Ecopoetry is poetry with a strong ecological emphasis or message.
Many poets, poems and books of poems have expressed ecological concerns; but only recently has the term ecopoetry gained use. There is now, in English-speaking poetry, a recognisable subgenre of ecopoetry.
Prior to the introduction of the term, a number of poems had ecological messages. Although these poets did not mention the word, they were clearly 'Ecopoetic' in stance and exerted an influence on the subsequent subgenre. Examples include:
- The White Poem by Jay Ramsay and Carole Bruce (Rivelin Grapheme Press, 1988)
- Bosco by Mario Petrucci (Hearing Eye, 1999; 2001)
- Heavy Water: A poem for Chernobyl (Enitharmon Press, 2004).
A seminal text helping to bring the term into wider critical use was Ecopoetry: A critical introduction, edited by J. Scott Bryson (2002). Another example of the burgeoning use of the term at the millennial turn was the journal Ecopoetics, which broadened the term from poetry into poiesis interpreted as making or writing more generally.
Since then, a spate of poetry anthologies and books has appeared, either employing the term explicitly or using the idea as a guiding principle. Recent instances include The Thunder Mutters by Alice Oswald (2005), Forrest Gander and John Kinsella's Redstart: An ecological poetics, and the ground-breaking Earth Shattering: Ecopoems, edited by Neil Astley, from Bloodaxe Books (2007).
A major characteristic of ecopoetry, as defined by James Engelhardt, is that it is connected to the world in a way that implies responsibility. As with other models that explore and assume engagement (Marxism, feminism, etc.), Ecopoetry is "surrounded by questions of ethics".
As a means of describing poetry or poetic projects that embrace the ecological imperative for personal sensitivity and social change, ecopoetry has been cited by such writers as John Burnside and Mario Petrucci.
- Blue Mars by Kim Stanley Robinson - 1996 - A Bantam Spectra Book - ISBN|0-553-57335-7.
- Ecopoetry by V.I.Postnikov (The Trumpeter, 2001, 17,1) http://trumpeter.athabascau.ca.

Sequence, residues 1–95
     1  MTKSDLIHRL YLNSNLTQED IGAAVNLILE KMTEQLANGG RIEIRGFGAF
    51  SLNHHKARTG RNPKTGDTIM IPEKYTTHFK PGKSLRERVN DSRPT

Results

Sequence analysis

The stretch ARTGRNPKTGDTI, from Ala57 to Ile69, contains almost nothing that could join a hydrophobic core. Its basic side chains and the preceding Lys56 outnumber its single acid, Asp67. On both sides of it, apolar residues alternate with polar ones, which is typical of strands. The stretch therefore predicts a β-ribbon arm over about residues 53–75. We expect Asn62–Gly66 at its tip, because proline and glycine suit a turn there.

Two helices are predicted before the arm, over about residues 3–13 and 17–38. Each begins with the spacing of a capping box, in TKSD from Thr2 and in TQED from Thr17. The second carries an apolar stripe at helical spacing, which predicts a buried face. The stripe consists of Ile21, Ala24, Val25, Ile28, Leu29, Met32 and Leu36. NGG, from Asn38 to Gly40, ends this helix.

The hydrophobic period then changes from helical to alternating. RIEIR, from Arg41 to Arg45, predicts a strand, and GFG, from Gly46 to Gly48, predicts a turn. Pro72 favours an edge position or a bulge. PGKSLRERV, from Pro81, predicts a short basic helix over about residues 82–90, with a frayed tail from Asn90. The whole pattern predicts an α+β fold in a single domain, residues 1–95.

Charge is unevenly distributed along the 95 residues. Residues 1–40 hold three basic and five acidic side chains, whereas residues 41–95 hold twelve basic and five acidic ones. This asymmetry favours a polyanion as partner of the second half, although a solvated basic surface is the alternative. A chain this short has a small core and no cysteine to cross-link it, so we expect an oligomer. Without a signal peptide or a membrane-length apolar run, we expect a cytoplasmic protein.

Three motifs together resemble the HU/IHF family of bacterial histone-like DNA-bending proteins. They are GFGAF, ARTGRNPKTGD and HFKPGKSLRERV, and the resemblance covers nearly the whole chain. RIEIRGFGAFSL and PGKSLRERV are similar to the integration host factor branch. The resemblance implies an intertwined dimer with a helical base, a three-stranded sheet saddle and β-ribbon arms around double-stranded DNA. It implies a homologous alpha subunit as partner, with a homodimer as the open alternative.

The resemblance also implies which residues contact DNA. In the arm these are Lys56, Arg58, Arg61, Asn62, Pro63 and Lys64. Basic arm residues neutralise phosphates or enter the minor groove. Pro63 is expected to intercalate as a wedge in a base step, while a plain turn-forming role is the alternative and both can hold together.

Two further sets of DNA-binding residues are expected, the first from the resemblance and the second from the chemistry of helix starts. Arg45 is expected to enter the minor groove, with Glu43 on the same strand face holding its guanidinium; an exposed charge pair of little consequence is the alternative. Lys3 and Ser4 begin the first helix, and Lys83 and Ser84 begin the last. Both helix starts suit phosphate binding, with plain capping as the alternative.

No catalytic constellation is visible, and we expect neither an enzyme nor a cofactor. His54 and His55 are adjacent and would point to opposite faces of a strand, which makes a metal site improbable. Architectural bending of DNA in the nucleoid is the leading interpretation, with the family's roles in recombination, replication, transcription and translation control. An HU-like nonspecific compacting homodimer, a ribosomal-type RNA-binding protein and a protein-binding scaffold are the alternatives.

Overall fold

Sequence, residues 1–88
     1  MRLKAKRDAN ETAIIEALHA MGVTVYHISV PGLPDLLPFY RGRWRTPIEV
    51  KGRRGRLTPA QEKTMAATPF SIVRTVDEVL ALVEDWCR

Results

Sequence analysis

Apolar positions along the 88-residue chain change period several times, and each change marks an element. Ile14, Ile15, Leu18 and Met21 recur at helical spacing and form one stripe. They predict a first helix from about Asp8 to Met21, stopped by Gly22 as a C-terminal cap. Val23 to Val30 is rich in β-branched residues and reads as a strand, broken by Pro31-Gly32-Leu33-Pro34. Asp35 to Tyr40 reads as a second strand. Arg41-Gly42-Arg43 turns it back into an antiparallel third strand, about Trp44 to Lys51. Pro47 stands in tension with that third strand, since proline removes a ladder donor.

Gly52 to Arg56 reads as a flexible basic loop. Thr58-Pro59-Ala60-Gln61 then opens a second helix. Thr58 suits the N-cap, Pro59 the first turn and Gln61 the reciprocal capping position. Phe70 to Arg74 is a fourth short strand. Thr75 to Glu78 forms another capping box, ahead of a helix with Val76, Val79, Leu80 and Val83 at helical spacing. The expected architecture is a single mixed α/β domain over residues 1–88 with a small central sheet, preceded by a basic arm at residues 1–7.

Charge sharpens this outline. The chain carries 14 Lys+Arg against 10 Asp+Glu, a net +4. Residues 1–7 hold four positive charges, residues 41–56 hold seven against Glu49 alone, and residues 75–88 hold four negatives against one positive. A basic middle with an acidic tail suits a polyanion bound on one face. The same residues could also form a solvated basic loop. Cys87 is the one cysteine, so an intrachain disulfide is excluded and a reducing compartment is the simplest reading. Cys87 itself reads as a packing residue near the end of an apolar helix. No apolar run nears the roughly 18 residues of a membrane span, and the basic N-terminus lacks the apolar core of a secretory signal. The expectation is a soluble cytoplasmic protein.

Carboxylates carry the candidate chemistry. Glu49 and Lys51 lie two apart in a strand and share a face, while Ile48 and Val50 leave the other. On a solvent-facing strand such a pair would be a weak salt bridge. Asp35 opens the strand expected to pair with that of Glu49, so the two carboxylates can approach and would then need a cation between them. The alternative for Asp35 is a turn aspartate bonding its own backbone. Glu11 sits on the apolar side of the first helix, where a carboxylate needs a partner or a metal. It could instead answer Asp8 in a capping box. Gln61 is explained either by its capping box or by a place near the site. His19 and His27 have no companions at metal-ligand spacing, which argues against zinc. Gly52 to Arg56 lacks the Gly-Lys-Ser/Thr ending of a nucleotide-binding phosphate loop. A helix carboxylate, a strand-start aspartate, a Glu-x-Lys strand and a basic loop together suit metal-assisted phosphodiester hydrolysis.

- Ecopoetry: A critical introduction (ed. J. Scott Bryson; University of Utah Press 2002) ISBN 978-0-87480-701-1
- The White Poem by Jay Ramsay and Carole Bruce (Rivelin Grapheme Press, 1988) Template:ISBN.
- Literary journal: Ecopoetics
- The Poetry Society's Ecopoetry Study Packs
- ↑ "Archived copy". Archived from the original on 2007-02-03. https://web.archive.org/web/20070203183320/http://www.contemporarywriters.com/authors/?p=authC2D9C28B0c54816E6EhGs14087F4. Retrieved 2007-11-30.
- ↑ "Archived copy". Archived from the original on 2007-08-22. https://web.archive.org/web/20070822000957/http://www.enitharmon.co.uk/books/viewBook.asp?BID=97. Retrieved 2007-11-30.
- ↑ Ecopoetics
- ↑ "Archived copy". Archived from the original on 2007-08-18. https://web.archive.org/web/20070818111930/http://www.bloodaxebooks.com/titlepage.asp?isbn=1852247746. Retrieved 2007-11-30.
- ↑ "Welcome octopusmagazine.com - BlueHost.com". http://www.octopusmagazine.com/issue09/engelhardt.htm.
- ↑ http://www.archive.poetrysociety.org.uk/content/poetry-class
- "What is Ecopoetry" at Poetry
- "Why Ecopoetry? at Poetry
- [ Manifesto of Italian ECOPOETRY (2005)] by M. Ivana Trevisani Bach
- 'Planting Roots: A survey of Introductions to Ecopoetry and Ecocriticism' by Caitlin Maling, Cordite Poetry Review
- The Future of the Past: Ecopoetics by Forrest Gander at The Free Library
- The Language Habitat: An ecopoetry manifesto by James Engelhardt (2007).
- 'Ecopoems': term used in title of Earth Shattering: Ecopoems (ed. Neil Astley; Bloodaxe 2007) ISBN 1-85224-774-6
- Redstart: An Ecological Poetics by Forrest Gander and John Kinsella (University of Iowa Press, 2012) ISBN 978-1-60938-119-6
- Bosco by Mario Petrucci (Hearing Eye, 1999; 2001) ISBN 1-870841-77-8
- Heavy Water: a poem for Chernobyl (Enitharmon Press, 2004) ISBN 1-900564-34-3
- The Thunder Mutters: 101 Poems About the Planet (ed., Alice Oswald; Faber & Faber, 2005) ISBN 978-0-571-21857-8
- Ecopoetry at Amazon.com
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